Lee Huber tells us why screening for MSDs can help organisations benefit in the long term
Musculoskeletal disorders (MSDs)—such as carpal tunnel syndrome, hand tendonitis and shoulder inflammation—cost the U.S. economy between $13 and $15 billion annually. As a result, many executives who promote MSD prevention need to look carefully at better testing for predicting who is at risk during hiring and before putting people in new jobs. Such screening should be carried out after an applicant is given a conditional job offer, in accordance with the Americans with Disabilities Act (ADA). In theory, screening employees minimizes hand disorders in jobs having upper extremity MSD risks. Screening is also thought to benefit employees by achieving proper diagnoses and foregoing unnecessary surgery.
In comparison, federal and state OSHA regulators expect inherently hazardous jobs to be evaluated, and the risks designed out of them, to the extent possible. Companies having taken initial risk reduction steps and refinements are most likely to benefit in the long term. On the other hand, regulatory compliance officers put little stock in what they consider to be administrative efforts, such as employee screening to control potential injuries. Therefore, the use of post-offer screening is not likely to ward off potential OSHA enforcement concerns.
Other governmental agencies mandate close adherence to their regulations, like the Equal Employment Opportunity Commission (EEOC) and the ADA. In accord with ADA requirements particularly, job-related screening is a significant issue, particularly for identifying problems with workers’ upper extremities. Whether by choice or by mandate, employers would be well-advised to establish some kind of post-employment screening process to determine employees’ susceptibility to MSDs as a matter of prevention. Testing may include fitness-for-duty, electronic screening, written exams, non-work-related physicals, strength capability, clinical exams (e.g., Tinel’s sign or Phalen’s manoeuvre) and others.
A doctor conducting an NCV (nerve conduction velocity) test.
The NCV test has its faults
The current “gold standard” for MSD diagnosis is the NCV test, which measures the speed of impulses through a nerve, using an electrical stimulus to the nerve. NCV testing costs around $550 per limb, however, not counting attending physician evaluation charges. It also regularly produces false negatives for symptomatic people and false positives for asymptomatic people.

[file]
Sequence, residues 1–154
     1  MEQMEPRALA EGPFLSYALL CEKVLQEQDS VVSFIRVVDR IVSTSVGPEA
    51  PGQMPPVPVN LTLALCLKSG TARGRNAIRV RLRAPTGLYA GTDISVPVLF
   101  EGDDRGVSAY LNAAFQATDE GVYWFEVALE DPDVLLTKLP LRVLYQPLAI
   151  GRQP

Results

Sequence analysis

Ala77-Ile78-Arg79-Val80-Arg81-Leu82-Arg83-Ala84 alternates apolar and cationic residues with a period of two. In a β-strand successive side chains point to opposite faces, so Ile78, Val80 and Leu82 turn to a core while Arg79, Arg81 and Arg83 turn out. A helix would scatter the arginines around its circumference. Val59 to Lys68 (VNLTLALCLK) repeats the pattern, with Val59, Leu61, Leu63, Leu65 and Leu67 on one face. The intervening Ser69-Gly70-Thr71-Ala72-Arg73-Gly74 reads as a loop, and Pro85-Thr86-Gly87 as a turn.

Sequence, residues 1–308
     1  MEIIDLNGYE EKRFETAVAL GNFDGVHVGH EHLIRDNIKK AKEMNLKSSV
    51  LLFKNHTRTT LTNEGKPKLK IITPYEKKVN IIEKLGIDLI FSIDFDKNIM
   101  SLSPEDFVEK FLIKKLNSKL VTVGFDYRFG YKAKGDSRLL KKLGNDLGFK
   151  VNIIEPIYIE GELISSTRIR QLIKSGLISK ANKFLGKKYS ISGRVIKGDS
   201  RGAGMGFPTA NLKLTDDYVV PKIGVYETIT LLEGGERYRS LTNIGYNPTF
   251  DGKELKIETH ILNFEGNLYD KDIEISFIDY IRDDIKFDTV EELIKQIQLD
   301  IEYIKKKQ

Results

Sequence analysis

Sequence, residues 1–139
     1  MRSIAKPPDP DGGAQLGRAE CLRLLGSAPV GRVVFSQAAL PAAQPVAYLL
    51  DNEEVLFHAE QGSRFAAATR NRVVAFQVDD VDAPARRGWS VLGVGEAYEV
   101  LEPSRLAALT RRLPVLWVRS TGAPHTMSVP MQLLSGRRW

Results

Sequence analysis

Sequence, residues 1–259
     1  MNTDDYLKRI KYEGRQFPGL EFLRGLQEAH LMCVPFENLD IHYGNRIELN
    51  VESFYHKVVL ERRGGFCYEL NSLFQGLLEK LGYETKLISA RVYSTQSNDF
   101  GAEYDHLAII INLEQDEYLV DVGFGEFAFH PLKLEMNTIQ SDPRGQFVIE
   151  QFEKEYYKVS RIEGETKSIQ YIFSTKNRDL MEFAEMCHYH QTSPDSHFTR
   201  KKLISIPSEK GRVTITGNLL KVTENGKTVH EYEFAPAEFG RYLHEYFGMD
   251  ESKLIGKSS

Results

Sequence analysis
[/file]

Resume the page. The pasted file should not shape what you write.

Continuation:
Given NCV’s shortcomings, effective post-offer screening needs to consider a discussion of best practices in the screening industry, regulatory practices and the effectiveness of screening itself. The National Institute of Occupational Safety and Health recommends that if screening is incorporated into company protocol, five factors should be considered to determine if test procedures are valid: they must be safe to administer, reliable in their data, job-related, practical and predictive of risk. These criteria tend to exclude most screening methods.
Senior management demands for fiscal responsibility require a close look at methods purported to reduce injury through predictive analysis. The consensus among professionals who make injury reduction and prevention their livelihood is that the highest cost benefits are derived from investing in job and design modification. As a result, the ergonomic risks that cause upper extremity MSDs in the first place are reduced.
Adequate risk reduction
The methods for achieving optimal results through ergonomic initiatives lead researchers to basic conclusions for reducing risk in the vast work universe. Risk reduction still comes down to the proper tools to perform the job, appropriate materials, adequate workstation designs and sound risk management. When these elements are properly evaluated, chosen and utilised, the worker has a chance to excel without injury and the employer has the opportunity to reap the benefits of injury-free workers with optimal productivity.
It is suggested that progressive companies are better served by continuing to invest in proven prevention methods such as job modifications, redesigning equipment and/or improving job methods to reduce ergonomic risks in higher hazard operations. This is because there are as yet no consistently reliable, cost-effective, scientifically validated criteria for screening employees to prevent upper extremity MSDs. Until there are, these measures will have to suffice.
This article appeared in Cardinus Connect. For more insightful articles like this from across the spectrum of risk management, you can download the magazine for free here.
Alternatively, if you’re looking to reduce the risk of MSDs in your workforce, you might like to try Healthy Working, our DSE risk assessment software. Not only does it help to improve compliance, but it also actively reduces an employee’s ergonomic risk through a unique risk resolution and self-assessment centre.
Reprinted with permission from Risk Management Magazine. Copyright 2005 Risk and Insurance Management Society, Inc. All rights reserved.